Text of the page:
Last Fair of the Summer

Dear Liza,

The Belmont Street Fair is always scheduled as the close of the summer street fair season. It is also the one closest to us, just a block down the street.

We got over early, because overcast skies are cooler to walk around under. We found Stitch guarding the west end of the fair, chatting with a person from Dick’s Kitchen. They had a bunch of tables set out on the street, which were empty.

Delightful recycled jewelry

Further along were jewelers, poets, second hand clothing booths.

Then came political parties and alternative energy companies, massage therapists and tarot readers.

Finally, the food!! Two Wahine’s Shave Ice is always a favorite of Grandpa Nelson, I had a dish that I am sure is NOT called an Ethiopian Taco (but was delicious, anyway). And Auntie Bridgett had a burrito from Laughing Planet.

One issue politics

Of course, what I really love to watch are the folks to come to see the fair. Young families enjoying chalk art in the middle of the street and out of town grandparents taking the kids out for a spin in their rented bikes make it all very Portland.

Art in the city
Brave Grandparents!
Shopping for the perfect helium pet…

By this time, Dick’s Kitchen’s tables were bustling and Stitch had moved on. The sun had come out and it was getting too warm. I found myself longing for the predicted rain, and we headed home.


Grandma Judy

Just Circles

Dear Liza,

Logo for Bend, Oregon

I don’t have anything to write about today. I have been busy, but it’s the in-my-head, working-on-the-story kind of busy that doesn’t make for an interesting blog post.

Clock in a downtown diner

My characters are getting more complicated and intense, which is good, but I am constantly amazed at how long it is taking me to see really obvious flaws. My second story, if I live to write it, has got to be easier.

Jasper getting the hang of things at the Echo Theater

But enough of that for now. On a more visual level, I have realized that I really like circles. They are complete, powerful, calming symbols for me, and I find that I take a lot of pictures of them.

Symbolic sculpture at Providence Park Stadium

Here are some of my favorites. More news next week!

Decoration on 1900s warehouse


Plate of appetizers

Grandma Judy

Auntie Bridgett’s Birthday!

Dear Liza,

Waiting for the number 20

This week we got to celebrate Auntie Bridgett’s Birthday, and it was fun! It was also the first really rainy day of the Fall.

We unwrapped presents at the house after breakfast, and Mouse helped. Gift cards for Dick Blick art supplies, a big box of very stylish postcards, and a book on color started the day right.

Mouse helps unwrap

Then she and I headed toward downtown. We stopped at two shops in the Fairhaired Dumbell, a very unusual, oddly placed building on Burnside by the river. It is built on a small lot in the middle of traffic, so you need to step quickly to get there without getting run over.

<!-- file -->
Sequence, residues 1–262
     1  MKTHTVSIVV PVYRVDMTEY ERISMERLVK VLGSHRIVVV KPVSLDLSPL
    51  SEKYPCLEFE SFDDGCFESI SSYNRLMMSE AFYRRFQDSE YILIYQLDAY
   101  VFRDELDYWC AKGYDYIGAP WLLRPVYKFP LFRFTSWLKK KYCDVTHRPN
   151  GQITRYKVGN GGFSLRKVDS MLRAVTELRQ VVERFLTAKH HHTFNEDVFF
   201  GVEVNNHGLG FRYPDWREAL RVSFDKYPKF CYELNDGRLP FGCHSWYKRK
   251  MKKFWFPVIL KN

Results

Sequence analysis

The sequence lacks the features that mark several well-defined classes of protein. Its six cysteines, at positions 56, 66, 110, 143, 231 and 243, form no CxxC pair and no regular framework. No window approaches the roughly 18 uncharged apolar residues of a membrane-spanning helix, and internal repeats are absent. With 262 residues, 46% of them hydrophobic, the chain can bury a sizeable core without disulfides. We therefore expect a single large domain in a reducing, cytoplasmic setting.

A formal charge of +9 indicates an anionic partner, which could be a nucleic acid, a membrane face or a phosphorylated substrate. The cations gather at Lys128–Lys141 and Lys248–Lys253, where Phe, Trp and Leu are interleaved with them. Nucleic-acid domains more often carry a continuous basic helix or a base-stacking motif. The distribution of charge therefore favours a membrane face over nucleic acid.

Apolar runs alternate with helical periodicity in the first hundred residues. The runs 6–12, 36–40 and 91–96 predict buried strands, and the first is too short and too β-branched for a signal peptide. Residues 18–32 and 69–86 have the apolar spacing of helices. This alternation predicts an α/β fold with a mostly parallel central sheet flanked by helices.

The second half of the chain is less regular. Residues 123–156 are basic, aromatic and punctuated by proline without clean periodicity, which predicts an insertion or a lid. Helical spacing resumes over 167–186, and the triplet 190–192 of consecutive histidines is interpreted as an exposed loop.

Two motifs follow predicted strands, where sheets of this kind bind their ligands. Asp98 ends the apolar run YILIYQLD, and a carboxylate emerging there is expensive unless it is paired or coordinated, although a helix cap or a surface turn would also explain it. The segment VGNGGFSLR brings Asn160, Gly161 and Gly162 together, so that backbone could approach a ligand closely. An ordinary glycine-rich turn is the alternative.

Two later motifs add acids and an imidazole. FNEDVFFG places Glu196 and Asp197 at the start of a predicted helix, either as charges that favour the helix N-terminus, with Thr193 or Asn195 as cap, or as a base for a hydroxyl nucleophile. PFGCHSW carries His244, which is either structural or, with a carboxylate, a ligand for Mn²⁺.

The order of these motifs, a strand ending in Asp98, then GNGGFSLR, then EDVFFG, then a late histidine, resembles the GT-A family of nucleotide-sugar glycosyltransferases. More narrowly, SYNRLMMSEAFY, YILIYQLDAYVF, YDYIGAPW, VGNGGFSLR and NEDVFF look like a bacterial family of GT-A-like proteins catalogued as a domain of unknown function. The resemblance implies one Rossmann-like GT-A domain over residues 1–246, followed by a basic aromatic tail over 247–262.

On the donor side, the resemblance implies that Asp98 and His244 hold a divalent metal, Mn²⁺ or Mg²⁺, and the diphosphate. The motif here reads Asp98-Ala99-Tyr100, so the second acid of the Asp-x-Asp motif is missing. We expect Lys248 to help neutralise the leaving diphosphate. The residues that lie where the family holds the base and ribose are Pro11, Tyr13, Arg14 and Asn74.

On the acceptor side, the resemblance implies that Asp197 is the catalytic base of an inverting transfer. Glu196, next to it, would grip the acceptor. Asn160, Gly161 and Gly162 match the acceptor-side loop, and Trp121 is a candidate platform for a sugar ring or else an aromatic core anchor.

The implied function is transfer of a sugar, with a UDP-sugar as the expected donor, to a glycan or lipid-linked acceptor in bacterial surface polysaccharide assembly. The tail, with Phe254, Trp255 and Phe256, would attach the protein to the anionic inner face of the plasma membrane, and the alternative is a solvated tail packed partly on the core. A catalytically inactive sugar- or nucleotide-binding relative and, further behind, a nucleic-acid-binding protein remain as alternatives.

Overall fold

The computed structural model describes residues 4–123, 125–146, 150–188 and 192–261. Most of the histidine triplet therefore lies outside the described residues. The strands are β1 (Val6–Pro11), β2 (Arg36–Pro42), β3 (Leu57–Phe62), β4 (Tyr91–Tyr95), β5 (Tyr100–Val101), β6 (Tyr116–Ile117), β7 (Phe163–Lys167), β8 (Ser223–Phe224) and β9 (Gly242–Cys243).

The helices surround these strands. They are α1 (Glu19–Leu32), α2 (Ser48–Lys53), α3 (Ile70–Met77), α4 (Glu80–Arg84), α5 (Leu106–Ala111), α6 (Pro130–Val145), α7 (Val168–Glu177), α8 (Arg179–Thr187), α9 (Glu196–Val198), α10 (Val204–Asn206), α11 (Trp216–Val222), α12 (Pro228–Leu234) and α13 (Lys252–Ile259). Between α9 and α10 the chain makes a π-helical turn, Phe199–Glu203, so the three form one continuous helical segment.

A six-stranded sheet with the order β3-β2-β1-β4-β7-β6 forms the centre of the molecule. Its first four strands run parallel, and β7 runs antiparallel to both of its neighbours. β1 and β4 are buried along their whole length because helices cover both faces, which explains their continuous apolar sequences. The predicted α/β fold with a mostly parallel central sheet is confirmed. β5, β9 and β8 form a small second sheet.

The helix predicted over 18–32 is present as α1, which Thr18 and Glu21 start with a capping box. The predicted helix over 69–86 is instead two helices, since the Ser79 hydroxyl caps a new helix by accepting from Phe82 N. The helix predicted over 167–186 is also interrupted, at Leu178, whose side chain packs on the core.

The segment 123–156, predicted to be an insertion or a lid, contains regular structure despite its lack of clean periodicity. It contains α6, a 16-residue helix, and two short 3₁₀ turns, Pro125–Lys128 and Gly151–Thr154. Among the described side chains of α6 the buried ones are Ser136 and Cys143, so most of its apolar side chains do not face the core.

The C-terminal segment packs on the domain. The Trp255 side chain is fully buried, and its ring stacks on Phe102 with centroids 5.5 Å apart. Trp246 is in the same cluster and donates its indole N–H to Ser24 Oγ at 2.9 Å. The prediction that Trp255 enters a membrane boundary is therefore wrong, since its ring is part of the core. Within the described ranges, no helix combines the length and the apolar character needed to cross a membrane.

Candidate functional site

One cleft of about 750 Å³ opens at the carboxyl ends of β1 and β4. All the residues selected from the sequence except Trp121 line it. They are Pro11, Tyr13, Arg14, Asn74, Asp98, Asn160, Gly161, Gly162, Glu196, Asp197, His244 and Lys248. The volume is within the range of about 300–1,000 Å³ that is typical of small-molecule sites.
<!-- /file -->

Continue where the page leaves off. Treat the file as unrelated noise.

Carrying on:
The Fairhaired Dumbell

The shops are 11:11, a high end stationary, office supplies and organizational shop. Next door was Crema, a small coffee shop, where we enjoyed a pain au chocolat to hold us until lunch.


We walked across the Burnside Bridge and caught the bus to Scrap, a second-hand art supply store that is an artist’s, mom’s, and teacher’s dream come true!

I’m going in!!!

So many wonderful, recycled materials like Scrabble letters, old piano keys and tiles, and fabrics, could make for some fabulous, and very affordable, art projects.

So many tiny things…

Science would be easier, and cheaper, to teach with new, donated vials, tweezers, and microscope slides. For just a moment I wished I was still teaching….

So many projects!!

Grandpa Nelson met us and we headed for lunch at a new place just across the street from Scrap, the Boise Fry Company, who specialize in Grandpa Nelson’s favorite food! Ironically, their turkey burger and Fun-Guy Burger (70% beef, 30% mushroom) were delicious, but their French Fries were soggy and disappointing. We met a nice server, though. Nice folks make things better.

They are serious about fries!! Just not very good at them….

We watched the pouring rain outside the shop form wide puddles around the equipment that is there to re-do the drainage system, and imagined someone saying, “I told you guys we shoulda got this done in August!”

First flooding

When the rain slowed, we took the bus home for a rest before our next adventure….Dinner at La Moule. We got dressed up and took a Lyft car south to the Clinton neighborhood. We enjoyed some nice local wines, absinthe (of course) , mussels, halibut and some REALLY good fries for Grandpa Nelson.

Auntie Bridgett with Debbie Harry and David Bowie

Sadly, Auntie Bridgett realized she had left her umbrella in the Lyft, but we will find her a new one soon.

We got home after watching a great sunset, watched baseball (Yay, Giants!) and fell asleep. What a day!!


Grandma Judy

On the Cusp

Dear Liza,

It is still a week until Fall, but the weather is starting to change. The awful heat seemed to have passed, though I expect there will be one last Indian Summer heat wave before we kiss summer completely goodbye.

The summer flowers are still blooming…. wisteria, roses, and dahlias.

Summer fruits are reaching their peak… apples, tomatoes, and grapes.

And yet, we are getting rain, lots of rain, cooler temperatures, and it’s dark by seven o’clock. Fall is on its way.

Pumpkins are ripening in the Sunnyside School garden, reminding me that we need to use up the frozen pumpkin purée from LAST fall so we can go get more pumpkins!!

When I grew up in Southern California, all my relatives there lamented the lack of “seasons”. A friend from Oregon once said the bright blue skies of Salinas were “obscene” in January. I had no idea what she was talking about.

Now I do. The seasons changing are like breathing out after breathing in, or hearing the splash after you throw the rock into the pond.

They are what comes next.

And now I understand that.